Renowned perfumer María Ángeles Santiago talks about her love for oriental perfumes and what inspires her to create mesmerising scents…
Perfumer María Ángeles Santiago joined international fragrance house Iberchem 16 years ago. With a marked interest for oriental fragrances, she rose to become one of the company’s dedicated perfumers for the Middle East area. During her recent trip to Dubai, ParfumPlus Magazine got a chance to interact with her and learn more about her passion for oriental perfumes.
ParfumPlus (PP): Hi Maria. To start with, please tell us something about your passion for oriental perfumes and its origin?
María Ángeles Santiago (MAS): For as long as I can remember, I have always been attracted to oriental fragrances. I’ve always thought that they provide elegance and richness to any composition. However, I would credit my work at Iberchem that made me fall for the charm of oriental perfumes. Even when I took my first steps as a perfumer, and I was working on ‘French perfumes’, I couldn’t help but add an oriental twist to a great majority of my compositions. It somehow turned out to be my distinctive signature, in every fragrance that create. The same way that the painter Monet found inspiration in the countryside, I find mine while working with oriental notes. In fact, I think that anyone wearing an oriental scent surrounds himself with a halo of mystery and seduction.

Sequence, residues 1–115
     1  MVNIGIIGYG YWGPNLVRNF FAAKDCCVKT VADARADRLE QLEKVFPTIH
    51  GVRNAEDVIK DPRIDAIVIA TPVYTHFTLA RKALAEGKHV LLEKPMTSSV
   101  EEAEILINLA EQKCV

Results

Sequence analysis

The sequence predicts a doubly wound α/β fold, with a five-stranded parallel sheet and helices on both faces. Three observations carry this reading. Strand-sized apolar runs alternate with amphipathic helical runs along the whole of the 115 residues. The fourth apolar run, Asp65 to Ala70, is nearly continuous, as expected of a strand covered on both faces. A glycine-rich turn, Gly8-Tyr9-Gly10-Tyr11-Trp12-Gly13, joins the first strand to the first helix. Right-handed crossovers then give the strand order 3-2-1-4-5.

PP: Are there any raw materials that you prefer working with?
MAS: I do have some “go-to” ingredients in my palette that I tend to use more regularly when creating a perfume, such as leather, galbanum as well as earthy and smoky notes. However, I prefer not to think about them as my favourite. Restricting myself to only a certain set of ingredients never makes sense to me. It would be like asking a musician what are his favourite notes on the scale and then restricting his creation of melodies to those favourites. Beyond each ingredient that can be found in a perfume, I personally think that it is the harmony that truly matters. This probably explains my constant quest of finding a perfume that would be simple, yet rich and evocative at the same time.
PP: In your opinion, is there still room for innovation in oriental perfumery?
MAS: There is and there will always be a way to innovate. Personally, I like to play with accords that, at first sight, may seem a bit uncommon, such as agarwood and tropical notes. However, the question we should ask ourselves first is, “Is it necessary to always innovate?” Sometimes, I feel that the concept of innovation is oversold. Let’s be honest, very few perfumes become famous overnight. It takes time. People need to wear it for a certain amount of time before being able to say it is their favourite perfume. In other words, what is trending today might become tomorrow’s classic. The only way to find out is to be patient, and give the fragrance some time to prove its worth. After all, there are still a lot of avenues that are yet to be explored in what we could call today’s map of perfumery.